Lee Mulcahy appeal denied over ban from Aspen Institute property
A district judge this week upheld a Pitkin County judge’s ruling that prohibits Edward “Lee” Mulcahy from entering the Aspen Institute’s Aspen Meadows campus or having contact with its representatives.
Judge Daniel Petre ruled that County Judge Erin Fernandez-Ely’s decision in the case last year was not overly vague nor did it infringe on Mulcahy’s rights of free speech.
Mulcahy posted a comment on the Aspen Institute’s Facebook page in November 2012 that was interpreted by officials there to be a threat. He wrote, “Hey elites, you’ve divided us long enough. Be fair to us little people OR you’re gonna have pitchforks and guns at your door. Yea, some of us white trash at occupy aspen (sic) believe in the N.R.A. too. #Remember the Alamo. Raise your glass to the Old Aspen.”
Shortly after that comment was posted, the Aspen Institute filed for a restraining order. Fernandez-Ely granted it. Mulcahy appealed that his first argument was that the order was unconstitutionally vague. Petre said the trial court’s order clearly prohibits Mulcahy from coming within 100 yards of the Aspen Meadows and other Institute property, with the exception of going to Christ Episcopal Church of Aspen. It also spells out Mulcahy’s responsibilities when he encounters Aspen Institute officials elsewhere in Aspen.
“A person of ordinary intelligence can read the protection order and understand its terms and conditions,” Petre wrote in his ruling. “Therefore, the protection order is not void for vagueness.”
Petre also ruled against Mulcahy’s claim that the protection order infringes on his rights to free speech. He said Mulcahy’s comment on Facebook constituted a “true threat” in the eyes of the law, whether or not Mulcahy meant to make a threat.
“The legal test is whether a reasonable speaker or reasonable recipient would perceive the statement as a threat of harm,” Petre wrote.
He noted that Fernandez-Ely’s hearing showed that several employees of the Aspen Institute testified that they feared for their safety after reading Mulcahy’s comments.
“In its findings, the trial court found that Defendant intended to threaten bodily harm by making an explicit reference in the posting to ‘guns at the door,’ in addition to the implicit incitement of revolution against those whom the Defendant identifies as the ‘elites’ in Aspen,” Petre wrote.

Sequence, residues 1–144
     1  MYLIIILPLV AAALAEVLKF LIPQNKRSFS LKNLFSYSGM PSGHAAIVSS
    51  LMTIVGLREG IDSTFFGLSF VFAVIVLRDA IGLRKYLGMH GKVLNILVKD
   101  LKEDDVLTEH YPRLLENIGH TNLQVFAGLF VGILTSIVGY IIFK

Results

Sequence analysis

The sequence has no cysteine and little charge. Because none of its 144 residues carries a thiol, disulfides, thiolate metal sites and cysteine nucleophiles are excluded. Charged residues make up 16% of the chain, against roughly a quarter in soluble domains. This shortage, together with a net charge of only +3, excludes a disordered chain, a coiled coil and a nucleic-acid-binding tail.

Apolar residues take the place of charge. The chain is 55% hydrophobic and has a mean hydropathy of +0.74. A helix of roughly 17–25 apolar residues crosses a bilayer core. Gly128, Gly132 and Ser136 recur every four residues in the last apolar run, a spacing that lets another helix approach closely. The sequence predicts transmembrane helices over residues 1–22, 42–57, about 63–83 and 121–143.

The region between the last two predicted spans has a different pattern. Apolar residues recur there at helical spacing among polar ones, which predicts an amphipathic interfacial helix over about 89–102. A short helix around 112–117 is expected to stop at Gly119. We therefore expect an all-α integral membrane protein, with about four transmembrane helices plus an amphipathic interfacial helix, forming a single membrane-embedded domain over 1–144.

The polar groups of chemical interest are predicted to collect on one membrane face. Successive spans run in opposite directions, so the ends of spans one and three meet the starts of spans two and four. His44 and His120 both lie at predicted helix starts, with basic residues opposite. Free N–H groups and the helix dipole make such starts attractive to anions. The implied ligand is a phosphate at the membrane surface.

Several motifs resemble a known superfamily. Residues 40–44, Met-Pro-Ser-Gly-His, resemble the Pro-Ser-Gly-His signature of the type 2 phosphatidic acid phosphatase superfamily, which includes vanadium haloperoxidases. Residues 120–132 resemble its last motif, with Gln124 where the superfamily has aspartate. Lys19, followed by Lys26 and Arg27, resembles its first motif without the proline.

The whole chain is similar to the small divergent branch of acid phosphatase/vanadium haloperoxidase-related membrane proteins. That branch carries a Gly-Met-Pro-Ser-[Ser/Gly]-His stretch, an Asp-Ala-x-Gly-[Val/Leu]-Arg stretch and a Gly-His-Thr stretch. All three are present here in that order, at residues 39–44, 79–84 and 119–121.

He concluded that a “reasonable person” could perceive the Facebook posting as a genuine threat of harm. Therefore, the posting was not constitutionally protected free speech, Petre ruled.
The ruling was filed Monday.
Mulcahy also has a lawsuit pending against the Aspen Skiing Co. over its decision to ban him from its property and federal land it leases for its ski areas. The Skico case was unaffected by Petre’s decision in the Aspen Institute case.
Mulcahy, who is the Libertarian candidate in the Senate District 5 race this fall, released a statement regarding the ruling against his appeal.
“People know I’m David fighting Goliath, so to be banned by the Aspen Institute is a badge of honor in Basalt, Salida, Buena Vista, Gunnison, Leadville, Gypsum and all the surrounding towns that resent Aspen’s limousine liberalism,” Mulcahy wrote. “More importantly, I’m real sorry to those that said they’re scared and ask for their forgiveness by my poor word choice. This is all a big misunderstanding — I don’t even own a gun.”
He claimed his language in the Facebook posting was a metaphor and a prediction of revolution rather than an actual “credible threat.” He said he was told that an “inside joke” at the Aspen Institute at the time of the initial trial was that all you had to do to earn a promotion was to claim fear over his comments on Facebook.
Mulcahy said he is considering filing an appeal of Petre’s decision with the Colorado Court of Appeals.
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